Skip to main page content
Access keys NCBI Homepage MyNCBI Homepage Main Content Main Navigation
. 2019 May;20(3):527-536.
doi: 10.5811/westjem.2019.2.40979. Epub 2019 Apr 16.

The Flipped Classroom: A Critical Appraisal

Free PMC article

The Flipped Classroom: A Critical Appraisal

Aaron S Kraut et al. West J Emerg Med. .
Free PMC article


Introduction: The objective of this study was to review and critically appraise the medical education literature pertaining to a flipped-classroom (FC) education model, and to highlight influential papers that inform our current understanding of the role of the FC in medical education.

Methods: A search of the English-language literature querying Education Resources Information Center (ERIC), PsychINFO, PubMed, and Scopus identified 296 papers related to the FC using either quantitative, qualitative, or review methods. Two reviewers independently screened each category of publications using previously established exclusion criteria. Eight reviewers then independently scored the remaining 54 publications using either a qualitative, quantitative, or review-paper scoring system. Each scoring system consisted of nine criteria and used parallel metrics that have been previously used in critical appraisals of education research.

Results: A total of 54 papers (33 quantitative, four qualitative, and 17 review) on FC met a priori criteria for inclusion and were critically appraised and reviewed. The top 10 highest scoring articles (five quantitative studies, two qualitative studies, and three review papers) are summarized in this article.

Conclusion: This installment of the Council of Emergency Medicine Residency Directors (CORD) Academy Critical Appraisal series highlights 10 papers that describe the current state of literature on the flipped classroom, including an analysis of the benefits and drawbacks of an FC approach, practical implications for emergency medicine educators, and next steps for future research.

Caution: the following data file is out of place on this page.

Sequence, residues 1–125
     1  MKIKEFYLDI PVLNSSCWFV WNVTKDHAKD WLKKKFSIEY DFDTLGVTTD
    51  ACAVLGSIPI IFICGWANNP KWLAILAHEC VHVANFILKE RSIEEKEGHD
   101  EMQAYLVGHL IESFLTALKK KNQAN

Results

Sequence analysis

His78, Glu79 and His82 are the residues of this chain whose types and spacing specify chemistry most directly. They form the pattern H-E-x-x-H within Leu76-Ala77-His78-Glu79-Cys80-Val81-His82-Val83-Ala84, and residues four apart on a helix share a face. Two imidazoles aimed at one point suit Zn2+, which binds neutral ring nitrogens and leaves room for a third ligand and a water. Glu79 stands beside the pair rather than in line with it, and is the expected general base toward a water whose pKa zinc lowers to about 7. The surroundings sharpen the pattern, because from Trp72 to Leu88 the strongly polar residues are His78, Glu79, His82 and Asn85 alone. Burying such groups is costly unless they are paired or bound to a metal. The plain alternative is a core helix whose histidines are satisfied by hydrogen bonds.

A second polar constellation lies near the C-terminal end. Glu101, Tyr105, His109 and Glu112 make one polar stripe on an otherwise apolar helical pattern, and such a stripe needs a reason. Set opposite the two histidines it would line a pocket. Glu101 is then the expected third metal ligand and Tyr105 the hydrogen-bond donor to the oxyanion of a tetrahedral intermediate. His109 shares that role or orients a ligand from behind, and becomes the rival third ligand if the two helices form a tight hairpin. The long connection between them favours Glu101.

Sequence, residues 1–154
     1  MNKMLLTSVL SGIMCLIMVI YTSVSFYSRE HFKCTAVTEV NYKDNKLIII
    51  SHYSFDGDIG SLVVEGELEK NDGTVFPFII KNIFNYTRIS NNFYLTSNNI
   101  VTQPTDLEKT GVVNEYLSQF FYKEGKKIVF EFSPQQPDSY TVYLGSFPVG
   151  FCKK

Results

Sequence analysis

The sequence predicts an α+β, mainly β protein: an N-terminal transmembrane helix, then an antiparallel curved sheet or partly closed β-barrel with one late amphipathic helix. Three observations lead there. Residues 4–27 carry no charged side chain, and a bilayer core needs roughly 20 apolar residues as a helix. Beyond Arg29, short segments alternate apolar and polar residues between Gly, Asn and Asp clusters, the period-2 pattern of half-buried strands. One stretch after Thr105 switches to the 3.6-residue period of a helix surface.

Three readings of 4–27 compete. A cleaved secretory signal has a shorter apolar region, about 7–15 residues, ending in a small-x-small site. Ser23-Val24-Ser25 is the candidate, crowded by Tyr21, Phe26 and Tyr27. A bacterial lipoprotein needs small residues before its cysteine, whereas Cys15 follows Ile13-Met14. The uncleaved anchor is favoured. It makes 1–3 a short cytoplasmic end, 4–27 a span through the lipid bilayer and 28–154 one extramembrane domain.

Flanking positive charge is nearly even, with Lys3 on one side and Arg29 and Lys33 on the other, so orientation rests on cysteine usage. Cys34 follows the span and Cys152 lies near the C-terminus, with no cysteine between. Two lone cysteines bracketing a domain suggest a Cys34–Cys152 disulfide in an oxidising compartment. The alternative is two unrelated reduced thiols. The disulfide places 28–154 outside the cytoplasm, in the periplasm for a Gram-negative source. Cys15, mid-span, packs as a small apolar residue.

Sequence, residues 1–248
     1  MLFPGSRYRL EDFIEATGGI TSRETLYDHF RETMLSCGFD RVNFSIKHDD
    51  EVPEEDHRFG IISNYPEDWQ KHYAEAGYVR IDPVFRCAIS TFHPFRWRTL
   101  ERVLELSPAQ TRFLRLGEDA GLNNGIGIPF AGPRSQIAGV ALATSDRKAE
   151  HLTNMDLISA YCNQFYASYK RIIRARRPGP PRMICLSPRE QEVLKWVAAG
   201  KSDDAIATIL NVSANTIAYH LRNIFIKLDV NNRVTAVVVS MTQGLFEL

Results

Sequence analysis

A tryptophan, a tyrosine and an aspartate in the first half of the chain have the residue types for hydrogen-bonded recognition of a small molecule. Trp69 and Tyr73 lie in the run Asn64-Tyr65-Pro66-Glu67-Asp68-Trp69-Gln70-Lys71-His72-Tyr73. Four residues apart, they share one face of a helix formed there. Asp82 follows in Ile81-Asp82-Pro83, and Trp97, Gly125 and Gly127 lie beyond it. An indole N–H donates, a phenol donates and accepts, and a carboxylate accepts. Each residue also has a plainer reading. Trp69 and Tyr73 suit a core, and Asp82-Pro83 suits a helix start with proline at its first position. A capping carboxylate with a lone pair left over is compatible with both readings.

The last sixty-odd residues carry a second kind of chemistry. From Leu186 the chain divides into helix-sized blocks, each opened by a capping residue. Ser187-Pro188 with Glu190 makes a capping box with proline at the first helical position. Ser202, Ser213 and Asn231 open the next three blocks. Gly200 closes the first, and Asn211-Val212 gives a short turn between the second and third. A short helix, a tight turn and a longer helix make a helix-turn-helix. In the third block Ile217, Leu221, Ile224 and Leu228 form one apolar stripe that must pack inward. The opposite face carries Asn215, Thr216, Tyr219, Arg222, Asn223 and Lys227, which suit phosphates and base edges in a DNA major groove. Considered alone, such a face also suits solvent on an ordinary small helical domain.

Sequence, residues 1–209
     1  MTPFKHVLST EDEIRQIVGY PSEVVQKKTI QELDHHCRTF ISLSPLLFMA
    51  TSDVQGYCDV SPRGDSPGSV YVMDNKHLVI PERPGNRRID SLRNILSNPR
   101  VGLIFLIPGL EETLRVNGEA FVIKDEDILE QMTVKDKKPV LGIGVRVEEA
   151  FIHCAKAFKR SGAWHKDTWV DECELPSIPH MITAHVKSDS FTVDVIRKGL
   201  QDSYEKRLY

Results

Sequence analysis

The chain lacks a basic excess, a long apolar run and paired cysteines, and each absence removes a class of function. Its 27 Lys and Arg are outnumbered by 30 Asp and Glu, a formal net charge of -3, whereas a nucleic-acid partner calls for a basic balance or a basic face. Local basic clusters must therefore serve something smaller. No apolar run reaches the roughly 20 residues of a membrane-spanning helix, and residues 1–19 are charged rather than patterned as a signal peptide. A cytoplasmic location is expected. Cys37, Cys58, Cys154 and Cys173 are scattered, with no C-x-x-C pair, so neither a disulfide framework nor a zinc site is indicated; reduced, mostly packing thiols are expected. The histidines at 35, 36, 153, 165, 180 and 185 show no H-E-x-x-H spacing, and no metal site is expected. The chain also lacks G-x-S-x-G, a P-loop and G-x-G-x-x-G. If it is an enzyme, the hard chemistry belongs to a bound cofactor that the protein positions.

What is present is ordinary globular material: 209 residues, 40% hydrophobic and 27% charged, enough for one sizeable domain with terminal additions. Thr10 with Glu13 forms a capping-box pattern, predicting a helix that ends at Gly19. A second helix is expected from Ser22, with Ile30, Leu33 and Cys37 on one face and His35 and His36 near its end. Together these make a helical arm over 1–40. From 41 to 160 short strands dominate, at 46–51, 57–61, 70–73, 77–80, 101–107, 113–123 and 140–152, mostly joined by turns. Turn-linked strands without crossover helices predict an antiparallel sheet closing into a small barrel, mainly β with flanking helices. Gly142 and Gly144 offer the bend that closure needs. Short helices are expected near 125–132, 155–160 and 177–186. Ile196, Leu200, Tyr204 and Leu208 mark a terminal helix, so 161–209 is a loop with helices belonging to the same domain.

Conflict of interest statement

Conflicts of Interest: By the WestJEM article submission agreement, all authors are required to disclose all affiliations, funding sources and financial or management relationships that could be perceived as potential sources of bias. No author has professional or financial relationships with any companies that are relevant to this study. There are no conflicts of interest or sources of funding to declare.


Figure 1
Figure 1
Selection process for articles that focus on the flipped classroom model in medical education.
Figure 2
Figure 2
Article review breakdown by author.

Similar articles

See all similar articles


    1. Knowles MS. The Modern Practice of Adult Education: Andragogy versus Pedagogy. New York: Associate Press; 1970.
    1. Sadosty AT, Goyal DG, Gene Hern H, Jr, et al. Alternatives to the conference status quo: summary recommendations from the 2008 CORD Academic Assembly Conference Alternatives workgroup. Acad Emerg Med. 2009;16(Suppl 2):S25–31. - PubMed
    1. Jensen JL, Kummer TA, Godoy PD. Improvements from a flipped classroom may simply be the fruits of active learning. CBE Life Sci Educ. 2015;14(1):ar5. - PMC - PubMed
    1. Galway LP, Corbett KK, Takaro TK, et al. A novel integration of online and flipped classroom instructional models in public health higher education. BMC Med Educ. 2014;14:181. - PMC - PubMed
    1. Garrison DR, Kanuka H. Blended learning: uncovering its transformative potential in higher education. Internet High Educ. 2004;7(2):95–105.

LinkOut - more resources